World Economy

Mexico Economy Slips in Q2

Mexico Economy Slips in Q2Mexico Economy Slips in Q2

Mexico’s economy shrank around 0.1% in seasonally adjusted terms during the second quarter from the previous three-month period, according to a preliminary estimate published by the national statistics agency on Tuesday.

Compared to the same quarter a year earlier, the economy grew by 2.7% in unadjusted terms, the agency said, Reuters reported.

The decrease, which translates into a seasonally adjusted annualized drop of 0.3%, followed a 1.1% expansion in the first quarter that was equivalent to 4.6% annualized growth.

Industrial production in the April-June quarter fell 0.3%, services grew 0.3%, and agricultural production was down 2.1%, according to the preliminary reading. Revised second-quarter GDP data are due on Aug. 24.

After a strong start to the year, private investment will probably be negative in the second quarter, said independent economist Jonathan Heath, noting uncertainty that emerged during the quarter over negotiations with the US and Canada to redraw the North American Free Trade Agreement.

The Mexican peso depreciated on jitters over the future of Nafta and the outcome of the July 1 presidential election won by leftist candidate Andres Manuel Lopez Obrador. The currency recovered after Lopez Obrador, who is scheduled to take office Dec. 1, reaffirmed his commitment to the trade negotiations, fiscal restraint, and central bank autonomy.

GDP grew 2.7% from second quarter of 2017, helped by the shift this year in the Easter holiday week to March from April, which meant the second quarter had more working days than the year before. That brought growth for the first half of the year to 2%.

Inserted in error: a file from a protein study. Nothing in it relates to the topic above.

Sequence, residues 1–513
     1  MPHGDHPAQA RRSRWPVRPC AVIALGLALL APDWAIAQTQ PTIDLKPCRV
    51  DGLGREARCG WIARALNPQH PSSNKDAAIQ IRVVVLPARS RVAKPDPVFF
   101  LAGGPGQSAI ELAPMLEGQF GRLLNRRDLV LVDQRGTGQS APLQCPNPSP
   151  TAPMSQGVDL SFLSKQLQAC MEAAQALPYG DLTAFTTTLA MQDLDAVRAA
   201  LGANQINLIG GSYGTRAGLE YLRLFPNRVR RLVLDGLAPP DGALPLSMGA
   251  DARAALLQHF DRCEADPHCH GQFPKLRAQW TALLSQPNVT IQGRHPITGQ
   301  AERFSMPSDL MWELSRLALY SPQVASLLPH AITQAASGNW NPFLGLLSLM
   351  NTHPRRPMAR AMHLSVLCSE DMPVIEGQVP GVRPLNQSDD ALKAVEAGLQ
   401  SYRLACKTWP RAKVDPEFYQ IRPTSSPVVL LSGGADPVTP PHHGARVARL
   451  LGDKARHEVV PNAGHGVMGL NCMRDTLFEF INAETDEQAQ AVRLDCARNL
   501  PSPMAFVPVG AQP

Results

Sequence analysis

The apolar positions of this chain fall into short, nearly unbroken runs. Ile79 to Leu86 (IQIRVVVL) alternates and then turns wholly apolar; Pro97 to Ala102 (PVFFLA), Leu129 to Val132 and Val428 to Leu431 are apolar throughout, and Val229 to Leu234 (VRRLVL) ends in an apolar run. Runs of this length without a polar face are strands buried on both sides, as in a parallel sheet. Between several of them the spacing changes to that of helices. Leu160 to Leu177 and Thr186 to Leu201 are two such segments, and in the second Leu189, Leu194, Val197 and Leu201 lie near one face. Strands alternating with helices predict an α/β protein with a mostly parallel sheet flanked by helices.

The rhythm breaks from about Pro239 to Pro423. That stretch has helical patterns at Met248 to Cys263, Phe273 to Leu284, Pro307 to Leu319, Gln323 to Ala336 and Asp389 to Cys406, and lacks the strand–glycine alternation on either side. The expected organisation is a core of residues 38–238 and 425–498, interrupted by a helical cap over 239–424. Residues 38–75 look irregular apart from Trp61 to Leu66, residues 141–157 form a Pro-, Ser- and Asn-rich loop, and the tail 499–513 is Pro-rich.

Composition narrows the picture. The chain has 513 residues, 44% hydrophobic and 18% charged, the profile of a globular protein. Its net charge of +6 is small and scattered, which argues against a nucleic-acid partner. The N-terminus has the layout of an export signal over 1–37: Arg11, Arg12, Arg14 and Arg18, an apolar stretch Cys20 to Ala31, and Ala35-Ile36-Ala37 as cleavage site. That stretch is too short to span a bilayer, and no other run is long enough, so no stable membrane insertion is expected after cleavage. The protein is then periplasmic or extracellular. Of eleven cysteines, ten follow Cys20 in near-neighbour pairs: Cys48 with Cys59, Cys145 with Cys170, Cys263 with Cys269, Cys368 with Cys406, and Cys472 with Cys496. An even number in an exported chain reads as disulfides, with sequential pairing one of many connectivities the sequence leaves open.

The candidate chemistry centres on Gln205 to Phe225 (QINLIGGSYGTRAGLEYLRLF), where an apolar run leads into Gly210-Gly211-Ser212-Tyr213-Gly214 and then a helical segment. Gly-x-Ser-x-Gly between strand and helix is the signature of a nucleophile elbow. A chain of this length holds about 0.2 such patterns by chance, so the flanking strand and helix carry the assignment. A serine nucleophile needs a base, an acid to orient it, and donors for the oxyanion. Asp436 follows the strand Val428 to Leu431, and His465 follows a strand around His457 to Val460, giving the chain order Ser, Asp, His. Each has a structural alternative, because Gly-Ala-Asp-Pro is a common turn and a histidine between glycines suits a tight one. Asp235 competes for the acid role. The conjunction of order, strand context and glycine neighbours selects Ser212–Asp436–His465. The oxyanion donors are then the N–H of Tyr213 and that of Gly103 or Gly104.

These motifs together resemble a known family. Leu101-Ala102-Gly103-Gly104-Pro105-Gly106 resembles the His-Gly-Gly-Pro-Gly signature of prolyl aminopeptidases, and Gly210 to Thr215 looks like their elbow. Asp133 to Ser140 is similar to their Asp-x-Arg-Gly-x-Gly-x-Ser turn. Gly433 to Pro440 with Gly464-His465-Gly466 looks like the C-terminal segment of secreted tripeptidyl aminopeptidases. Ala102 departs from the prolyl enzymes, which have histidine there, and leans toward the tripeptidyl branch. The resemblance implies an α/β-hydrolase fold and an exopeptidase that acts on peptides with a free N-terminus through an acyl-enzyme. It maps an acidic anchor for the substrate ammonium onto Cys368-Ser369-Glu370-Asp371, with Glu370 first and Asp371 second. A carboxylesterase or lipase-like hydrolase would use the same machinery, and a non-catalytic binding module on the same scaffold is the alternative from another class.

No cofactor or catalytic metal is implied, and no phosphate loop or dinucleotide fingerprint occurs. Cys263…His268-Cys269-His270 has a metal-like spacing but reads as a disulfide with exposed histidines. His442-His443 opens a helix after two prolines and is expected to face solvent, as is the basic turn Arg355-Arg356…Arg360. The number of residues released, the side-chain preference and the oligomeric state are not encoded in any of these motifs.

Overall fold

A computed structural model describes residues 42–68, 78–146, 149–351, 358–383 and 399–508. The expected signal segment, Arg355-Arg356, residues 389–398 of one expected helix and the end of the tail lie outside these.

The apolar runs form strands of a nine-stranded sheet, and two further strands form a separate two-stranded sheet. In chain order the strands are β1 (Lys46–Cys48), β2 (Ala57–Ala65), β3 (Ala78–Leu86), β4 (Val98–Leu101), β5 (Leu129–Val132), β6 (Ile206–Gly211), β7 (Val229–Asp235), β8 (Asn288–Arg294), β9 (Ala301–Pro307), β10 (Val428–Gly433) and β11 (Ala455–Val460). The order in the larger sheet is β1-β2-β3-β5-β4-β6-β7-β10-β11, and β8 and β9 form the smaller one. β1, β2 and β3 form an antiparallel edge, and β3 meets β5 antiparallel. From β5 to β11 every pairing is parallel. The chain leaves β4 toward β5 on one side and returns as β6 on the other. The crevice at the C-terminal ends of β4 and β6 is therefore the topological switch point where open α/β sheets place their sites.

“GDP growth is expected to tick up in the second half of the year as political uncertainty fades and inflationary pressures continue to moderate,” forecasting firm FocusEconomics said in a report in which it estimated full-year growth of 2.3%.

The International Monetary Fund last week kept its 2.3% growth estimate for Mexico in 2018, but lowered its forecast for 2019 to 2.7% from 3% “to reflect the impact of the prolonged trade-related uncertainty on investment and, to a lesser extent, private consumption.”

The economy also faces effects in 2019 of the change of administration. “You always, always have a slowdown in the first year of each administration, and this time it’s going to be probably even more difficult because of a lot of things that Lopez Obrador wants to change,” said Heath.

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